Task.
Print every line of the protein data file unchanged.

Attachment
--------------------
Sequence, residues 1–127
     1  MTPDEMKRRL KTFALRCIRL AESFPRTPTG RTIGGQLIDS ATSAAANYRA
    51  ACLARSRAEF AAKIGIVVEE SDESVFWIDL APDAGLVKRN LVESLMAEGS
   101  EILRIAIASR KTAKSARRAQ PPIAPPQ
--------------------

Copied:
Sequence, residues 1–127
     1  MTPDEMKRRL KTFALRCIRL AESFPRTPTG RTIGGQLIDS ATSAAANYRA
    51  ACLARSRAEF AAKIGIVVEE SDESVFWIDL APDAGLVKRN LVESLMAEGS
   101  EILRIAIASR KTAKSARRAQ PPIAPPQ